Kidney Disease In Dogs

Supporting chronic kidney disease in pets

Chronic kidney disease (CKD) affects 0.5–1 per cent of dogs and 1–3 per cent of cats. However it may be up to 80 per cent in older cats. There may be many causes of CKD in pets, including previous toxicity or injury, chronic inflammation, fibrosis and cancer.

However, by the time it is diagnosed, we rarely identify the actual cause. Our focus is usually on supporting the remaining kidney function.

The conventional veterinary approach is to classify the stage based on symptoms, as well as blood and urine results, and manage each stage appropriately. This management may consist of hydration support, phosphate binders to limit high phosphates (reducing phosphates may slow progression of CKD), low-protein diets (reducing protein intake may reduce wastes from protein metabolism), managing high blood pressure if present, giving potassium supplements if required and managing symptoms such as nausea and poor appetite.

The integrative approach

Integrative treatment of kidney disease in dogs and cats uses a combination of these, with additional support. Nutrition is key. Maintaining body weight, healthy gut function and muscle mass will improve the quality of life of pets living with CKD, and improve their overall survival.

So what is the best way to feed dogs and cats with CKD? Should we rely on the prescription diets, with reduced protein and phosphates, that are often recommended? Cats are obligate carnivores, and often fussy eaters. Feeding low-protein diets to cats risks inappetence, weight loss and muscle loss.

Maintaining body weight, healthy gut function and muscle mass will improve the quality of life of pets living with CKD, and improve their overall survival.

Processed foods generally use poor-quality proteins and may include vegetable proteins, which can be poorly digested, and do not contain the essential amino acids required by obligate carnivores. However, simply feeding a home-prepared diet, with good-quality ingredients, that has a similar nutritional profile to a prescription renal diet is not the answer. Ideally the amount and type of protein that will be included in the diet will depend on the individual pet’s needs, and their response.

Since many pets with kidney disease have poor appetites, my approach is to ensure they are eating enough to maintain their weight. If blood tests show rising kidney parameters, or there is protein loss in urine, then I consider introducing lower protein rations for part or all of the diet. I make diet changes slowly, and recommend a variety of foods be offered for most of my CKD patients.

There are many herbs and supplements that have benefits for CKD, and you can mix these into the food. I usually begin with a good-quality fish oil, medicinal mushrooms and an appropriately chosen Traditional Chinese Medicine (TCM) herbal formula. Cold-water marine fish oil is a source of omega-3 essential fatty acids, which have anti-inflammatory and antioxidant effects, and may also reduce blood pressure and protein loss though the kidneys. They provide a healthy source of calories, which is beneficial for pets that are not eating well.

Probiotics are used to support a healthy microbiome, which benefits gut health and supports the immune system. Using probiotic supplements over several months has been shown to reduce serum creatinine levels in people and in cats. I recommend a good-quality veterinary product for my patients.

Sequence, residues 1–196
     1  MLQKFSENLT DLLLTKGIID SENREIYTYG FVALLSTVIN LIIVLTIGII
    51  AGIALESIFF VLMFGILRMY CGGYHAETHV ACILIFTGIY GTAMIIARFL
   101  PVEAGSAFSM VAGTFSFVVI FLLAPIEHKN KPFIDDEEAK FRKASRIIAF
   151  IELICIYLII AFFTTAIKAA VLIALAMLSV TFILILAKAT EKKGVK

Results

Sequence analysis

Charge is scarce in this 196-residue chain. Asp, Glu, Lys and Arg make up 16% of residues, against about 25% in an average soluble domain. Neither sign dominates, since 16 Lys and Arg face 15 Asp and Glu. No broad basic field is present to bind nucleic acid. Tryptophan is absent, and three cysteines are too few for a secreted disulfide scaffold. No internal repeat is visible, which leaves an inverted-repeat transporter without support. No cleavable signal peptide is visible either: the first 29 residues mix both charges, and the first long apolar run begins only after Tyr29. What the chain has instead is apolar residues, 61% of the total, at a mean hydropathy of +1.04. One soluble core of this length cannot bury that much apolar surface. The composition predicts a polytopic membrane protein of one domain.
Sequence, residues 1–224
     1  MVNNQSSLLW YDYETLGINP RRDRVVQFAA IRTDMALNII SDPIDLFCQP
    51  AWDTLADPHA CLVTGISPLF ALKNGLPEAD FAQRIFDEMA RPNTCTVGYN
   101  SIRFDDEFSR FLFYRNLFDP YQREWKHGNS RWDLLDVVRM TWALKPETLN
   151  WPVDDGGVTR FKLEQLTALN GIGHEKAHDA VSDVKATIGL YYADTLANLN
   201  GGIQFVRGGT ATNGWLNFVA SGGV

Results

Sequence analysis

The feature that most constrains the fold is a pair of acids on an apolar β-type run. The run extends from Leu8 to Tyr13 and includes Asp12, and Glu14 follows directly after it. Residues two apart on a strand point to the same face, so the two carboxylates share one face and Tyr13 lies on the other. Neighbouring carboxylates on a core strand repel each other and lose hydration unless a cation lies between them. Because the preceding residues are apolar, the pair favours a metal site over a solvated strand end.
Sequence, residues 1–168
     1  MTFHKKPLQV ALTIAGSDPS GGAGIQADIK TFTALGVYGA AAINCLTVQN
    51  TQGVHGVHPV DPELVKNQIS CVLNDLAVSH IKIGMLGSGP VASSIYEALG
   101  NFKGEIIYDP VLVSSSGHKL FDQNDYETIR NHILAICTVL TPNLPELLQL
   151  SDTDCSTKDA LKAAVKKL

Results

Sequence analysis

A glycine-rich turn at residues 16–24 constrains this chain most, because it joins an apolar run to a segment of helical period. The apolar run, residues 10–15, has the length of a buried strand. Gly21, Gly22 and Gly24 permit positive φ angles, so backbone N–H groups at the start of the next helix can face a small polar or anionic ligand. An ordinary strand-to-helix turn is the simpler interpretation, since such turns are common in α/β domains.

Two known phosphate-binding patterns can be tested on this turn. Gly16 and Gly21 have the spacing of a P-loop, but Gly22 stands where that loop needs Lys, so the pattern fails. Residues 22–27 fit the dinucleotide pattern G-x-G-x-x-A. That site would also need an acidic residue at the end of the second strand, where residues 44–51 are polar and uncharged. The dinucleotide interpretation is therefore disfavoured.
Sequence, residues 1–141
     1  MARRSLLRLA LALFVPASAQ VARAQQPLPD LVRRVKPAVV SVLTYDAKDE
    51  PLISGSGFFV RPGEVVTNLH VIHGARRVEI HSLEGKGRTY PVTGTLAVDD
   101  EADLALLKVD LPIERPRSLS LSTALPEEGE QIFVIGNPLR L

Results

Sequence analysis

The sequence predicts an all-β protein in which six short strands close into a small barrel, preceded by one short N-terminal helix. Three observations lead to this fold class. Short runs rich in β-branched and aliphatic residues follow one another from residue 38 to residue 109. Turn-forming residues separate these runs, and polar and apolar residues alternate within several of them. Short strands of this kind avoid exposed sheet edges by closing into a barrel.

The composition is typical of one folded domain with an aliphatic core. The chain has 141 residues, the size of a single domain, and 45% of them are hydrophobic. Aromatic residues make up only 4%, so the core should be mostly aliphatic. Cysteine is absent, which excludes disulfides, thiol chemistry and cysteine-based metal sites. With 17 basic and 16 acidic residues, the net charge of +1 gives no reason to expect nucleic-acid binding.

Astragalus is a tonic used for qi deficiency in TCM. Specific benefits for renal patients may include reducing protein loss via the kidney, reducing serum creatinine levels and reducing inflammation and fibrosis. Rehmannia is a “blood tonic” and has similar benefits: reducing urine protein loss and azotemia (high serum urea and creatinine levels). Rehmannia also has antioxidant benefits, and reduces inflammation and fibrosis. I use these individual herbs in TCM herbal formulae.

Cordyceps is a parasitic fungus that grows on the larvae of insects. Cordyceps may improve renal function and protect against damage. Cordyceps is combined with other medicinal mushrooms for immune-modulating effects, and liver, cardiac and respiratory support.

B vitamins levels are reduced through increased urination in pets with CKD, and low levels may affect appetite and gut function, and may cause anaemia. Levels are also reduced by poor appetite. B vitamins are non-toxic and easy to supplement. I recommend a good-quality B multi product, and often a separate cobalamin supplement for my CKD dogs and cats.

Antioxidants have many benefits. Specifically they may relax smooth muscle, and help to increase glomerular filtration rate and improve kidney function. Milk thistle is widely known for its liver protective effects, but also has non-specific antioxidant effects that may benefit pets with kidney disease. Other antioxidants that can be considered include melatonin, green tea and vitamins E and C.

Acupuncture has shown to improve renal function, reduce protein loss in urine, reduce high blood pressure and improve anaemia in human patients with CKD. I also use it to help manage other health problems common in senior pets, including joint pain, poor appetite and nausea and increasing anxiety.

Every senior pet is unique, and renal disease presents itself in many ways. Symptoms may include weight loss, increased thirst, reduced appetite, nausea and reduced energy. If we diagnose early, we have more time to support the kidney function, so regular health checks at your vet, including urine and blood tests, are recommended for “senior” pets, typically over seven years of age.

Karen Goldrick

Karen Goldrick

Karen Goldrick is a holistic veterinarian at All Natural Vet Care, Russell Lea, Sydney, Australia.

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